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Sufferers blame stress for breast cancer, despite no scientific link

23 March 2011 No Comment

STRESS is often blamed for breast cancer despite no scientific proof of a link.

And while many point to stress they also commonly overlook other lifestyle-related issues – such as smoking and obesity – where there is a clear link to the cancer.

These are the key findings of research which took in the views of almost 1500 Australian breast cancer survivors.

It found just over four in 10 (43.5 per cent) believed there was a factor which contributed to their cancer and, among these women, more than half (58.1 per cent) blamed stress.

The women also pointed to previous use of hormone therapy (17 per cent), a family history of cancer (9.8 per cent).

Two per cent attributed their cancer to other lifestyle factors.

“It is concerning that only two per cent of the women in the study attributed their breast cancer to lifestyle factors such as diet, exercise and alcohol consumption,” said Christine Bennett, chair of the Bupa Health Foundation Steering Committee which part-funded the study.

“There is scientific evidence that being overweight, smoking and excessive alcohol are risk factors.”

Women aged under 40 were more likely to believe there was a reason for their breast cancer.

Dr Bennett said that while the exact causes of breast cancer were unknown, studies into the effect of stress on the body and looking for potential triggers of breast cancer had did not reveal a link.

And despite commonly-held views to the contrary, there was “no scientific evidence that points to stress as a cause of breast cancer”.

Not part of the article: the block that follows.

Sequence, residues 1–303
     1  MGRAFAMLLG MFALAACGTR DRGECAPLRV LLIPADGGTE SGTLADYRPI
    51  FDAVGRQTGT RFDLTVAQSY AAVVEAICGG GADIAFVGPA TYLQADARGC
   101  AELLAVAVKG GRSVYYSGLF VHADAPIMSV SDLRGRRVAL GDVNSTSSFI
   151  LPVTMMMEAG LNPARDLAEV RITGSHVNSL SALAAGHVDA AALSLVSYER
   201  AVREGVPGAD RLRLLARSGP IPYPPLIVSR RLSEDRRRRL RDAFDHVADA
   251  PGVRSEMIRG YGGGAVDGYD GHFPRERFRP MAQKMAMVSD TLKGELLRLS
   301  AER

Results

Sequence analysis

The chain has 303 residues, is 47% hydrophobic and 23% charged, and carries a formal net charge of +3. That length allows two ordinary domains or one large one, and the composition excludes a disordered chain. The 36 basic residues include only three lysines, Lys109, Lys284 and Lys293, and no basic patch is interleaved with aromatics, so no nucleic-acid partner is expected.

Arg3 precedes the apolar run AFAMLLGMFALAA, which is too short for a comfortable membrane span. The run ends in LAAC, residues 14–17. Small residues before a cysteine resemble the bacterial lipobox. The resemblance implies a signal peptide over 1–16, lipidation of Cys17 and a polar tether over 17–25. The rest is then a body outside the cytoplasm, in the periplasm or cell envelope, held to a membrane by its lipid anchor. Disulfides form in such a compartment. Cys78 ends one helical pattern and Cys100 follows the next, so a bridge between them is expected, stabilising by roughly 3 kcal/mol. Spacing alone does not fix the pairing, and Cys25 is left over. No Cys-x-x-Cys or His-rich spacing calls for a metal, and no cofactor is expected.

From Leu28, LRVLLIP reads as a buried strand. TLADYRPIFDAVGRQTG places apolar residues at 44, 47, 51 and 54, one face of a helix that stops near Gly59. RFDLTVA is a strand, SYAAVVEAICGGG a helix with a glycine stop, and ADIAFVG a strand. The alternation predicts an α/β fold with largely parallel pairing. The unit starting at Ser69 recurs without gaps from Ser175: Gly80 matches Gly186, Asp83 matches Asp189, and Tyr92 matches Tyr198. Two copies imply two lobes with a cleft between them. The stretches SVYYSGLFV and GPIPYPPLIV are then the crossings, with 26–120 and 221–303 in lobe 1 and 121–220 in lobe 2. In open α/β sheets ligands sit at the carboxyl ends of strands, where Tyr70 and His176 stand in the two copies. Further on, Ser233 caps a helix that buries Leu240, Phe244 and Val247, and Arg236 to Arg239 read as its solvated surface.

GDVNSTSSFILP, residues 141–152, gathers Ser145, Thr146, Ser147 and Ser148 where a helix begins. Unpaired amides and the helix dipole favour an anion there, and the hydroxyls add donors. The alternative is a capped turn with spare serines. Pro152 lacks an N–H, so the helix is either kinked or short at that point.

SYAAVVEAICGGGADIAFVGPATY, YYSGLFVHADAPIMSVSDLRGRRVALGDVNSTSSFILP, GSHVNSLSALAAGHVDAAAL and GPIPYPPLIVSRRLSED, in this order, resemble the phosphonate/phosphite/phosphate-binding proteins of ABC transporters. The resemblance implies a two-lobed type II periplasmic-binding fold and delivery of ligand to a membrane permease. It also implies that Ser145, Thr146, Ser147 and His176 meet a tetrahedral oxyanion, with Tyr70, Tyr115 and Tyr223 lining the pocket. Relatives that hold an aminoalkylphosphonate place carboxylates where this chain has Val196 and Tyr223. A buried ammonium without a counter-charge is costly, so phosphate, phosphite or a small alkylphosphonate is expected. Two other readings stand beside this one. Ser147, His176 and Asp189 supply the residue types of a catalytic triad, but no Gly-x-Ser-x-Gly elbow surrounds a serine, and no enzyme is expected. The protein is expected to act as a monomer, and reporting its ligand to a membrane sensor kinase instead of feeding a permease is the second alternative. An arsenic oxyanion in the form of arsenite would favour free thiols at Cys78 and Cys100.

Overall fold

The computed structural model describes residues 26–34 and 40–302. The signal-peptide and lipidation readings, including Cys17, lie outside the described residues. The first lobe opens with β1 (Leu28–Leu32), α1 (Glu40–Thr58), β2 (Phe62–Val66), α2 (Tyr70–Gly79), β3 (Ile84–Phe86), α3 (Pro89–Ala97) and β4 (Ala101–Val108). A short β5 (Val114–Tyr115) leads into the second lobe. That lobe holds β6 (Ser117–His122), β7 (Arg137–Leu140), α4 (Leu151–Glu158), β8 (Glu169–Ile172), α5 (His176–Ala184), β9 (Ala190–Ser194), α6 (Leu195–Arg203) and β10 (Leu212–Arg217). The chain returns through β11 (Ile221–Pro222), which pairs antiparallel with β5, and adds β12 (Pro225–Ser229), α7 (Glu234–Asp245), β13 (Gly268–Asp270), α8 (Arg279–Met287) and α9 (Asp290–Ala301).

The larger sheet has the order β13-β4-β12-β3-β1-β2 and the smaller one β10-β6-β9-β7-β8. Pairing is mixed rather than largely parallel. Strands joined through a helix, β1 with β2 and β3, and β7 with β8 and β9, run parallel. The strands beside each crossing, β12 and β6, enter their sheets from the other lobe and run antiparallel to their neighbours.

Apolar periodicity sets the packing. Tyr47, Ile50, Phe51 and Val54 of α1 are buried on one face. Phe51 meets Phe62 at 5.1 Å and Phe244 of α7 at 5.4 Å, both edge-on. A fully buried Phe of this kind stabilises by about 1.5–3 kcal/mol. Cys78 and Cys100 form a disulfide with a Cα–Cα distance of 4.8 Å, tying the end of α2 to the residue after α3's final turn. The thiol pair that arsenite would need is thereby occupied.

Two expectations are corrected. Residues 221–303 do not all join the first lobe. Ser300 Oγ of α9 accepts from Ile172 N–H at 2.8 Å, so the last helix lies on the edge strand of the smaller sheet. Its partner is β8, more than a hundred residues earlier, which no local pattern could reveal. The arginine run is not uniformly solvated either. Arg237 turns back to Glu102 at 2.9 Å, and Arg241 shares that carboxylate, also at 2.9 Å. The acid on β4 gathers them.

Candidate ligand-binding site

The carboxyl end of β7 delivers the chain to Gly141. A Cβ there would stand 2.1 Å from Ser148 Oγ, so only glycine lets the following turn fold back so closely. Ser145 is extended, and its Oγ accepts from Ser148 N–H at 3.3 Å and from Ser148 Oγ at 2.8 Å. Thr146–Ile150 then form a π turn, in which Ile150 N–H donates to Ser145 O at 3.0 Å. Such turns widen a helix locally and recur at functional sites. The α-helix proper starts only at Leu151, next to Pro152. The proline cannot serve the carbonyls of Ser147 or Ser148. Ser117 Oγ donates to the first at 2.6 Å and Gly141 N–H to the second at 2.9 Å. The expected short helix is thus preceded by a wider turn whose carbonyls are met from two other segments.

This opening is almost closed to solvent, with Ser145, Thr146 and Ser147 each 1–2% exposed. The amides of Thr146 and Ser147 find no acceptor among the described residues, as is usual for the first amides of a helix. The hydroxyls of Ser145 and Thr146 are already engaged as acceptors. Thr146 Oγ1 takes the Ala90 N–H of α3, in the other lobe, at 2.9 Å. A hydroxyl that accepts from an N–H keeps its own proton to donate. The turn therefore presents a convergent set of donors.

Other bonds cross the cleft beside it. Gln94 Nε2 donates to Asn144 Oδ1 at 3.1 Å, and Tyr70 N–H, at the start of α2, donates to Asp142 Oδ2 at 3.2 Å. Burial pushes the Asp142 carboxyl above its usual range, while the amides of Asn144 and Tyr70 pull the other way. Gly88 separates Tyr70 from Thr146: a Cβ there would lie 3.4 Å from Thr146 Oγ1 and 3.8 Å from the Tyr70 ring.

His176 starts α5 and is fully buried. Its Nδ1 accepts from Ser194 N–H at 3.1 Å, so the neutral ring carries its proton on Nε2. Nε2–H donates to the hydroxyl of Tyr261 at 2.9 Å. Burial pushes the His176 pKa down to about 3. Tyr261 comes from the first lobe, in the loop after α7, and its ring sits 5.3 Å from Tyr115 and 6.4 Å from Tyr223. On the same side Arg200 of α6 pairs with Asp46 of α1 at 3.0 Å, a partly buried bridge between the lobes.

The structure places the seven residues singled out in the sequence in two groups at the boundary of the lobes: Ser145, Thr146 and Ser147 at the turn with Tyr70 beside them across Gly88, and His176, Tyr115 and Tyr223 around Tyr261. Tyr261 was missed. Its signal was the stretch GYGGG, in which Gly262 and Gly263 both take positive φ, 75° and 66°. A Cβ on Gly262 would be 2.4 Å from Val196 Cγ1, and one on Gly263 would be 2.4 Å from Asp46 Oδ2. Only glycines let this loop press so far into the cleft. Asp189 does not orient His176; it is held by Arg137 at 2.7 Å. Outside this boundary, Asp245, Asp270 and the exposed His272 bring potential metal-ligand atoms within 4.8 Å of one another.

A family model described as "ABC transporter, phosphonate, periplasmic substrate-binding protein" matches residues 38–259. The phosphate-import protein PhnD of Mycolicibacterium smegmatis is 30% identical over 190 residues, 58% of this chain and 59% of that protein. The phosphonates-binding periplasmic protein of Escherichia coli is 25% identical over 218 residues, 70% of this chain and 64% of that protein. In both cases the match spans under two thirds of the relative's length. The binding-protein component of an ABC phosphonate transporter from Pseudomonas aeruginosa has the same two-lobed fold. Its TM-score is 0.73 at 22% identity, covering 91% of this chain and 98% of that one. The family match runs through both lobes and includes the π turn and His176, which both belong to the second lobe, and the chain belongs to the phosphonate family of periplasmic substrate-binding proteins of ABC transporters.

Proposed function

The Bupa Health Foundation and Well-Being after Breast Cancer Study and was led by Robin Bell, Deputy Director of the Women’s Health Research Program at Monash University and Alfred Hospital.

Professor Bell said it showed women often responded to a breast cancer diagnosis with a new resolve to improve their overall health, usually through improved exercise.

This was beneficial, she said, although women should be wary of making changes which could be counter-productive in the fight against cancer – such as removing all dairy products from the diet.

“Cutting out dairy products may remove some fat from the diet but it could have a negative effect on the bone health of women who, due to some cancer treatments, are already at risk of osteoporosis,” Prof Bell said.

Of those who blamed stress, Prof Bell said, the women could also feel a sense of mistaken guilt that they should have acted sooner.

“If doctors are aware of this guilt, they will be in a better position to help women address their feelings and overcome their distress,” Prof Bell said.

The research is published in the March edition of the journal Psycho-Oncology.


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